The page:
Farm groups launch free stress management course

Training and tools offered free to help farmers cope with challenging, uncertain environment.

June 23, 2020

2 Min Read
rural countryside and storm clouds

Following the December 2019 announcement of a new farm stress management online training course for employees and members of the Farm Credit Council, the American Farm Bureau Federation and the National Farmers Union, these organizations are now launching free online training that's available to the general public.

Developed by Michigan State University (MSU) Extension and the University of Illinois Extension, the course will help farmers, their families and neighbors identify and cope with stress. It provides participants with the skills to understand the sources of stress, manage their own stress, learn the warning signs of stress and suicide, identify effective communication strategies and connect farmers and ranchers with appropriate mental health and other resources.

According to the organizations, the challenges of ongoing low commodity prices, trade wars and extreme weather events have dramatically affected farmers and ranchers for years. “Add the COVID-19 pandemic and its economic disruptions, and that stress multiplies,” they said. “Stress among farmers and ranchers is felt throughout farm operations and seeps into cities and towns across the country.”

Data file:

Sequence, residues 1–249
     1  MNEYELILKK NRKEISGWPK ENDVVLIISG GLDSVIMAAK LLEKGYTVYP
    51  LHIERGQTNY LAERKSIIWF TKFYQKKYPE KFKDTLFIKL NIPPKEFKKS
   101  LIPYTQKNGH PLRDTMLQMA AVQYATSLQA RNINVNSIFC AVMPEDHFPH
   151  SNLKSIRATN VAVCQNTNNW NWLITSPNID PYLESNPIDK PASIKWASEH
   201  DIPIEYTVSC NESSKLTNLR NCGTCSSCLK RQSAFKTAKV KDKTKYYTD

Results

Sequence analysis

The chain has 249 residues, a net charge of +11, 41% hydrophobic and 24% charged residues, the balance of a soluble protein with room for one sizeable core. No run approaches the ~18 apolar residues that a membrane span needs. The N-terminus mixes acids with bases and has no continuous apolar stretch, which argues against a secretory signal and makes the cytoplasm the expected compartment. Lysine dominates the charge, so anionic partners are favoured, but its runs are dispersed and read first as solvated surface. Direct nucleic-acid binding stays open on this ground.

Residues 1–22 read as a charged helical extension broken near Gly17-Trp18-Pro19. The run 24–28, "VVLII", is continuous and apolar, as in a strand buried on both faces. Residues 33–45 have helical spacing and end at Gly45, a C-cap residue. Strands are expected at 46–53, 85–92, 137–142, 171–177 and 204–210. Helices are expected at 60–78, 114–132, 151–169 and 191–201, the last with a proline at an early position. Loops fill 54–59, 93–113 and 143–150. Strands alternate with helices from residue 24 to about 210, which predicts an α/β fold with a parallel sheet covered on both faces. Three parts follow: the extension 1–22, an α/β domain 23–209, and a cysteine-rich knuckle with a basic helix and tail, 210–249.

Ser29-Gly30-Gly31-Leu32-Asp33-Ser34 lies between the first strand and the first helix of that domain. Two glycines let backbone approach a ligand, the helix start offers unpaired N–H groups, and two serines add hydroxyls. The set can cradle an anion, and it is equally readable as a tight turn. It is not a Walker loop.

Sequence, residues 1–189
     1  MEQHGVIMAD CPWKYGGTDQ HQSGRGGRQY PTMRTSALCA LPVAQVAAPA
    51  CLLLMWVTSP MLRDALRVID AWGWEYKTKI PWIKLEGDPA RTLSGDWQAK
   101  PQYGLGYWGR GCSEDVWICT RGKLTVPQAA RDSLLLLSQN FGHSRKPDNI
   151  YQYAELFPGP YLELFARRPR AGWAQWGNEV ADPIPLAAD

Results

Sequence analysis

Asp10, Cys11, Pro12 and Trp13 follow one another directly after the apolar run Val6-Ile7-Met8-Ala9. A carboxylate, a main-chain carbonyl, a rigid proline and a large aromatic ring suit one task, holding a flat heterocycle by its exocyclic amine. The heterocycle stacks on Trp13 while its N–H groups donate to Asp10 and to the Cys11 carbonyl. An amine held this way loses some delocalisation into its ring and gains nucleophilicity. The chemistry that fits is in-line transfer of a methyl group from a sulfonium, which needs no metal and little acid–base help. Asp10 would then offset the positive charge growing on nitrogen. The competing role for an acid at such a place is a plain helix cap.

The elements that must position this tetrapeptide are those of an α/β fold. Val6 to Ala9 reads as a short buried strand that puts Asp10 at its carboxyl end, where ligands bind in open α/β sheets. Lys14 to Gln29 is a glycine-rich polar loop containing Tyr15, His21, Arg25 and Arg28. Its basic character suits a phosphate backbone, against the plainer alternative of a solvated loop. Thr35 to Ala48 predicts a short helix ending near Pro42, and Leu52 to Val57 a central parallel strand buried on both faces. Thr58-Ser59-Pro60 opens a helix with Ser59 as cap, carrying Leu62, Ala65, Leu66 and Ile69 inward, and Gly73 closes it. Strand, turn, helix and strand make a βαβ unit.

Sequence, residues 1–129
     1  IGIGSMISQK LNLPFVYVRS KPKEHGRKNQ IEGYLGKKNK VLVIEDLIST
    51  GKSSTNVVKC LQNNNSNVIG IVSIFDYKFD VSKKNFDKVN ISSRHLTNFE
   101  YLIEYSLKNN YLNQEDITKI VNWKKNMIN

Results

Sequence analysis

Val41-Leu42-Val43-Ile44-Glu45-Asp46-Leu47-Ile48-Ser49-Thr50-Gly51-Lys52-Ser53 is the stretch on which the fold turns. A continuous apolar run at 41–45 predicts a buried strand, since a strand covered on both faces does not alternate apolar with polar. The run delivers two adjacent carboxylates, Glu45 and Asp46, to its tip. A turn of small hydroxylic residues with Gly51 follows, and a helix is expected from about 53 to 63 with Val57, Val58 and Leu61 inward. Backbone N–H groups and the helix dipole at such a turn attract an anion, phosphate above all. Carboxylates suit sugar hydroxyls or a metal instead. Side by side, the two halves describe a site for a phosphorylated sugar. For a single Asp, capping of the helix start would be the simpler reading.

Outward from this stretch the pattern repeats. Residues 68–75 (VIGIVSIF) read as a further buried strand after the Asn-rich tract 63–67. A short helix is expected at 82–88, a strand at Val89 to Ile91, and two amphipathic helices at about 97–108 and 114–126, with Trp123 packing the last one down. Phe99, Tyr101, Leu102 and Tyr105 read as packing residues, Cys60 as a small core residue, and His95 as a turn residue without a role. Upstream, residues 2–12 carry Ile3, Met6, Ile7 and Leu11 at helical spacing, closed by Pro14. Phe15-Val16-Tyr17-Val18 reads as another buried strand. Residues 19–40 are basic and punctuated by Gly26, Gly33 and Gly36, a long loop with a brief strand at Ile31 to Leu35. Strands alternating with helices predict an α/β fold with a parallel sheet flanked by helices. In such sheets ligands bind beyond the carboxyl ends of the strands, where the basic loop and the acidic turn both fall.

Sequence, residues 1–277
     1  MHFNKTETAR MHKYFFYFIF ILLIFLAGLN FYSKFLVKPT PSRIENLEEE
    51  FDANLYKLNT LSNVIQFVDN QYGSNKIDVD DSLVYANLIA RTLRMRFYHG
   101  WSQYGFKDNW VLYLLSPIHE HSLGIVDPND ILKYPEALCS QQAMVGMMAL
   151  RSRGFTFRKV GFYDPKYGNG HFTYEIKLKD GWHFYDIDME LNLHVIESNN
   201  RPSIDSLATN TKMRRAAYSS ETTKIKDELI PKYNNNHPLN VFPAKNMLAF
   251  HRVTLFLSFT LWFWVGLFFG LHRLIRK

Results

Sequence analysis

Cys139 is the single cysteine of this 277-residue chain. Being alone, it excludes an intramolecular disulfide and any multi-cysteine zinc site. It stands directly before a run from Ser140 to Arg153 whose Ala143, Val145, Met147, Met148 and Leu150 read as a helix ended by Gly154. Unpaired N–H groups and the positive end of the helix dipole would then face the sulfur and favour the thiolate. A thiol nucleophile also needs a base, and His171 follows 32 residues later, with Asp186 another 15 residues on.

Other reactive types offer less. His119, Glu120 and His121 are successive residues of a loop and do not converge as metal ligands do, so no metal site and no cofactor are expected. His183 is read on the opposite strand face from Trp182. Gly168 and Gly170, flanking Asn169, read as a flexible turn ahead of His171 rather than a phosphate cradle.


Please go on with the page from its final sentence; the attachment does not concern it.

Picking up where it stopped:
The online course builds on past training materials MSU Extension developed and tailored for the U.S. Department of Agriculture’s Farm Service Agency in 2019. Since then, additional courses and specific training have educated employees and members of the three farm groups nationwide.

“Farm families across the country already faced low prices, disastrous weather [and] uncertain trade prospects, and then the COVID-19 pandemic hit. It’s a heavy load to carry," Farm Credit Council president and chief executive officer Todd Van Hoose said. "We hope farmers and their families and others in rural communities that are feeling stressed will take this free training and use the tools provided to get help coping with this unprecedented situation.”

American Farm Bureau Federation president Zippy Duvall, added, “We have to break through with a message of hope and help. Families don’t have to face today’s stresses and heavy burdens alone. This free online resource is a first step toward recognizing the signs and knowing what to do. We hope anyone who knows someone struggling will take advantage of this potential lifeline.”

National Farmers Union president Rob Larew pointed out that three in five rural Americans live in areas without enough mental health care providers to adequately serve the population, meaning help isn't always readily available.

“The pandemic hasn't made things any easier; social distancing requirements have limited in-person care, and many farmers have lost off-farm jobs that provided their health insurance. These circumstances have made the community-led mental health strategies taught in this online training all the more critical,” Larew said.

The course is funded by a grant from Farm Credit and supported by MSU Extension and Illinois Extension.

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